You don’t have to count calories to lose weight, but you need an understanding of the body’s general “Energy Equation”. (A calorie is a unit of energy.)

 

  • Small men less than 15 lb overweight should eat at least 1500 calories a day when dieting, plus what they burn in exercise;
  • Small women less than 15 lb overweight should eat a minimum of 1200 calories, plus what they burn in exercise.

 

If you’re taller and/or heavier, you need to eat more because you need more energy to move yourself around.

 

These calorie figures are the bare minimum you need to function normally while still losing weight.

There are a couple of other general guidelines about weight loss rates.

 

One is not to lose more than 1% of your body weight a week.

 

Or:

 

If you are around 10 kg or 20 lb overweight:

  • To lose 1 kg = 28,000 kilojoule deficit: Should not take less than 4 weeks. E.g. 1000 kj or one Mars bar less a day than if you’re maintaining.
  • To lose 1 lb = 3,500 calorie deficit: Should not take less than 2 weeks. E.g. 250 kcal a day less.

If you try to lose it faster, you’ll gain it back fast!

 

I’ve seen this too:

If you have 75+ lbs to lose 2 lbs/week is ideal (1,000 calorie daily deficit)

If you have 40-75 lbs to lose 1.5 lbs/week is ideal (750 calorie daily deficit)

If you have 25-40 lbs to lose 1 lbs/week is ideal (500 calorie daily deficit)

If you have 15 -25 lbs to lose 0.5 to 1.0 lbs/week is ideal (250-500 calorie daily deficit)

If you have less than 15 lbs to lose 0.5 lbs/week is ideal (250 calorie daily deficit)

 

 

Crash dieting causes people to crash and burn and regain more than they lost. They get weak and lose muscle mass and hence get a slower metabolism (lower Basal Metabolic Rate (BMR)) and lose perspective on how much they need to maintain weight.

 

Losing muscle and feeling weak means less non-exercise activity thermogenesis (N.E.A.T.), so it lowers total daily energy expenditure.  You feel lethargic so you don’t do as many little walks or jobs at home or work.

 

To keep losing weight they eat even less, and so it spirals downward towards hormone disruption & bingeing it back, and/or developing an eating disorder.

 

The massive and aggressive competition in the diet industry is a huge cause of so much yo-yo dieting, obesity, and eating disorders.

The diet industry feeds itself on the harmful goal of fast weight loss, offering fad diets, diet scams, quick fixes, and crash diets.

Cutting out all fat, carbohydrates, vegetables, or sugar, can lead to deprivation that is unsustainable.

 

Fast weight loss is bad.

 

Extreme diets are bad.

 

All those “Biggest Loser” contestants gaining all the weight back weren’t learning anything about weight maintenance being on the show.

 

Sustainable eating does not mean punishing yourself.

 

It takes quite a while to think this through.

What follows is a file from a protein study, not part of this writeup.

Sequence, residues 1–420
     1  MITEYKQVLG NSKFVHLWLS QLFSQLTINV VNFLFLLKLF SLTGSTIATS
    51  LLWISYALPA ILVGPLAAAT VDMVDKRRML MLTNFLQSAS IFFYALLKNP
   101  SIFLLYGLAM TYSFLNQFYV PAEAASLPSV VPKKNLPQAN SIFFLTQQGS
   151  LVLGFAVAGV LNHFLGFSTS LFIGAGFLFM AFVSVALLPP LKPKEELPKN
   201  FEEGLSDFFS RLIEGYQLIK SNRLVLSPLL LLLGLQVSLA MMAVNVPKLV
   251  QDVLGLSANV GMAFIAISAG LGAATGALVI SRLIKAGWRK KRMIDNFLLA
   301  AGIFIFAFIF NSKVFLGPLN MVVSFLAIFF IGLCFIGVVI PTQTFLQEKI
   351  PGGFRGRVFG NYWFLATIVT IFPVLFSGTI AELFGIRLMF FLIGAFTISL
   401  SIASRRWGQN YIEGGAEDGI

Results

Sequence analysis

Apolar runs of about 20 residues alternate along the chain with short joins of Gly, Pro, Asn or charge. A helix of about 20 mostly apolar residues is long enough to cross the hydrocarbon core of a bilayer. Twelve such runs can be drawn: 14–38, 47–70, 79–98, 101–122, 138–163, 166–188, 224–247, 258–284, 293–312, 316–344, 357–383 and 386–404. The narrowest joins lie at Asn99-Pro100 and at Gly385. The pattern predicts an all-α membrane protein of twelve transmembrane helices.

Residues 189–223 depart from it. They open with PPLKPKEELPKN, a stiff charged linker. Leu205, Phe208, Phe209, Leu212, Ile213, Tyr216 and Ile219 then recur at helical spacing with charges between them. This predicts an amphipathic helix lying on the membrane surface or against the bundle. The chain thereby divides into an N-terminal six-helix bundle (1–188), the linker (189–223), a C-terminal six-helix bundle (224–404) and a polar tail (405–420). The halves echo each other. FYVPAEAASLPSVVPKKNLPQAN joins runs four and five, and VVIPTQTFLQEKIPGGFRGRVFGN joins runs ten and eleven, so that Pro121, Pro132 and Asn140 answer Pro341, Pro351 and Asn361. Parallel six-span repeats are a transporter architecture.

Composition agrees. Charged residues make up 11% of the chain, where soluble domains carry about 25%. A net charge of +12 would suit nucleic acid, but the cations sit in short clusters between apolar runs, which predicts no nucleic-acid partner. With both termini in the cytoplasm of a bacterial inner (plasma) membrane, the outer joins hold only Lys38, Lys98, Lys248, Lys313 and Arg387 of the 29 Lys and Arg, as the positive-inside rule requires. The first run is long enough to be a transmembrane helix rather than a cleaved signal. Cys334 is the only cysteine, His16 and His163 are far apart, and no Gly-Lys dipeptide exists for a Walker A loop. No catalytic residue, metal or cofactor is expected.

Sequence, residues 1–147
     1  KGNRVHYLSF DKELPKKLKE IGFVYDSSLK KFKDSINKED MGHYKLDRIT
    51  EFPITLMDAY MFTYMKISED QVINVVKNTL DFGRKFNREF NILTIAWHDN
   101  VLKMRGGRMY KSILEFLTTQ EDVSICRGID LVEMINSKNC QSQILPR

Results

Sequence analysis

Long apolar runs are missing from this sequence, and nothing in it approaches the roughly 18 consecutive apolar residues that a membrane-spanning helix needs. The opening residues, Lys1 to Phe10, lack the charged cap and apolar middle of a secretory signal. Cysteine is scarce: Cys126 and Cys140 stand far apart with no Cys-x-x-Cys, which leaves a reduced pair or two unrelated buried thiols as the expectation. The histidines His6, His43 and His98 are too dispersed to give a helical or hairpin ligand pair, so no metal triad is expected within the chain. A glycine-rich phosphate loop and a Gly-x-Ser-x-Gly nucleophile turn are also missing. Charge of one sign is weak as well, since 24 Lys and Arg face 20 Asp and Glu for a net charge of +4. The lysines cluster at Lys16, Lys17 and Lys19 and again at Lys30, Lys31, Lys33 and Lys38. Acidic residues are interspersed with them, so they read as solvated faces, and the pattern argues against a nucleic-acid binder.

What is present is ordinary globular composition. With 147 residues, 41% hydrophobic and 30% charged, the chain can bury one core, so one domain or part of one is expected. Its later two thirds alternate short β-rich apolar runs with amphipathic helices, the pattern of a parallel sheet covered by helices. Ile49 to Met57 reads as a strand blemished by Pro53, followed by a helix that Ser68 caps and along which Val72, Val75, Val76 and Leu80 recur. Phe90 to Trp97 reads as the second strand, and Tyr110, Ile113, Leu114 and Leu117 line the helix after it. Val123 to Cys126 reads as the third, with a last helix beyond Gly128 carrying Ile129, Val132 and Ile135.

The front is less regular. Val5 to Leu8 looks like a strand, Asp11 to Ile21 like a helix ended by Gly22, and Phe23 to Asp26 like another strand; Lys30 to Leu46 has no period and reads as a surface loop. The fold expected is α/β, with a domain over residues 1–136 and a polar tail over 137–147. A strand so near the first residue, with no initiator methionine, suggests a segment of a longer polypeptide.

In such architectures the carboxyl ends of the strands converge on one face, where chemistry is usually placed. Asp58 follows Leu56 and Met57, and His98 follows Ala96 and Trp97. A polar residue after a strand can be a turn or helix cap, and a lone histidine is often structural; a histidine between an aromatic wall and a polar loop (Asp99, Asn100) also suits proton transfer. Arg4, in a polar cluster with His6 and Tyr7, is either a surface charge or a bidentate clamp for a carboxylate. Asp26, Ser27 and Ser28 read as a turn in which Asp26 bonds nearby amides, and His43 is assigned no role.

It can be very hard to switch to having a mindset of sustainable eating when all around are advertisements offering fast and extremist solutions.  

 

Once you notice this you see it everywhere.

 

We can’t change our mind about this easily, especially when society, family, and media teach us this mindset.  Also genetics, biology and evolution.

 

Eat what sustains you as long as possible.

Here’s what’s sustaining me:

 

  • Volume Eating. Fruit and veg have fibre which makes you feel full, and they bulk up the size of your meal and add very few calories.
  • Protein and fat (and fibre) can make you feel fuller.
  • My macronutrients are usually around 50% carbohydrates, 30% fat, 20% protein, and that keeps me very healthy, active, and happy.
  • Most days lately, I love eating Greek yoghurt, cereal biscuits, fruit, vegetable and pasta Napolitano, vegetable protein/seafood/chicken with rice/noodles/potato, more veg, and dessert or chocolate depending on my day’s exercise.
  • Some days (after a big sweat, perhaps), I need some salty chips, and maybe a chocolate protein drink.
  • Some days, I like pizza (which can have all the micro and macronutrients you need AND not have too many calories).

 

If I deprived myself of things I love, I would never have lasted the distance.

 

What sustains you?

 

Again, see a doctor and/or dietitian about your health and dietary requirements regularly.

 

“Cheat days?”

 

When you are maintaining your weight and tracking calorie intake, you can’t get the maths exactly right. Some days your intake will be higher than your energy intake.

 

I go by my weekly calorie limit, and make sure I stick to it, and also track my weight daily so I get data for the weight trend.  If you can tweak smaller fluctuations, you don’t need to make larger changes.

 

Having a higher calorie day here and there balances out over the week if you have some lower calorie days. That’s how Intermittent Fasting works, in all its varying personas.

 

You can also gauge your calorie deficit by your weight loss via the scale and tweak that way.

Just don’t be a “Biggest Loser” wannabe because they gained it all back!

 

Diet breaks

The slower you lose as you get close to your goal, the higher the chances of having hormones and habits that mean you can handle maintaining your goal weight for longer.  This process is also aided by regular week-long diet breaks / refeeds of eating at maintenance calories, which let your hunger hormones settle down.